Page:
6. Khind. I enjoy the kids, but they can occasionally be frustrating. They are heavily reliant on the draw. If you end up with the rainbow, you're in trouble unless you manage to topdeck Blow Whistle or Drown Resistance. Of course, when you do get the right draw or draw into a solid number of a gang over the course of a game, you're more powerful than several other decks can even dream of being. In other words, Khind is a combo deck. I hated combo when I played M:TG, but I like the Khind a lot more.
5. Buka. I think the Buka are here right now because I have the least experience with them of any deck. I'm getting better at timing ships and getting better at knowing when to bluff and when to just stay in element with a 2/0 Support that might earn me a dragon. However, there are still characters that I tend to rely upon to play well and the BP conditions so rarely seem to come up that I occasionally find myself surprised at the deck's seeming impotence.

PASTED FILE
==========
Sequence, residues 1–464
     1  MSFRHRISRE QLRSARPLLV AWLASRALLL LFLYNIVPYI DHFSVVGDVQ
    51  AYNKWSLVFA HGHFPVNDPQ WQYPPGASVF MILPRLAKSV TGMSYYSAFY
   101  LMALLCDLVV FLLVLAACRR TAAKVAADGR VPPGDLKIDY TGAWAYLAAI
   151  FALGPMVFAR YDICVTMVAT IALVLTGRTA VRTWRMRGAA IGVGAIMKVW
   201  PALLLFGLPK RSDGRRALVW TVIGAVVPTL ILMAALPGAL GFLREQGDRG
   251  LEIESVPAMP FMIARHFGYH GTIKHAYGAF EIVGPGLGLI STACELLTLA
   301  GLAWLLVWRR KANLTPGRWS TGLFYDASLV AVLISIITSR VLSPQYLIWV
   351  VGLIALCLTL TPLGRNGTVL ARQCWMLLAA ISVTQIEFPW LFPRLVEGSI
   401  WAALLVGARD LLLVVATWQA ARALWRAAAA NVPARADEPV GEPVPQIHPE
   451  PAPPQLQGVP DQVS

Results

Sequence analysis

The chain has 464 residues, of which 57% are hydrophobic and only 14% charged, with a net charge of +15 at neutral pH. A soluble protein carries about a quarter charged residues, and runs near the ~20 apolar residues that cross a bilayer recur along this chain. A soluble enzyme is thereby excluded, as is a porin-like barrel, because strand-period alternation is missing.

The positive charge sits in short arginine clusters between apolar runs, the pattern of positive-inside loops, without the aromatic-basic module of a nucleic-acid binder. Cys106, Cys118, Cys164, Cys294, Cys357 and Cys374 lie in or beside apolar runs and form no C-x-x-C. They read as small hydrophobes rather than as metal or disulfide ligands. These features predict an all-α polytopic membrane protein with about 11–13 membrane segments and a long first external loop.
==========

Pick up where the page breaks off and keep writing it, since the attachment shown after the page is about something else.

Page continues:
4. Pillar. Unlike others, I really enjoy the Pillar deck and have been able to win with it regularly. Part of it is probably my Magic roots: despite playing dozens of different kinds of decks and styles, the one constant throughout my tourney career was Black control. I loved discard. Others shouted the praises of various creatures and enchantments; I sang the Hymn to Tourach. I've found ways to make the Caterpillars work very well and find myself rarely at a loss for power that a Potion won't take care of. The Butterflies are just a bonus that lets me set up for the next few turns and pick apart what my opponent can or can't do.
My top 3 are pretty much tied:
Flit: Getting the rhythm of when to Retrieve and when to move on was the biggest hurdle to cross. Once I got it, I began to win constantly with the Flit. Although I have yet to play Commence Mega Launch for its true purpose, using it and the other Leaderships as good excuses to draw another card, I still like having that backdrop in case I have a hand full of Boosters. I also recall using Fel-nar-Gan most effectively of all the Mutants.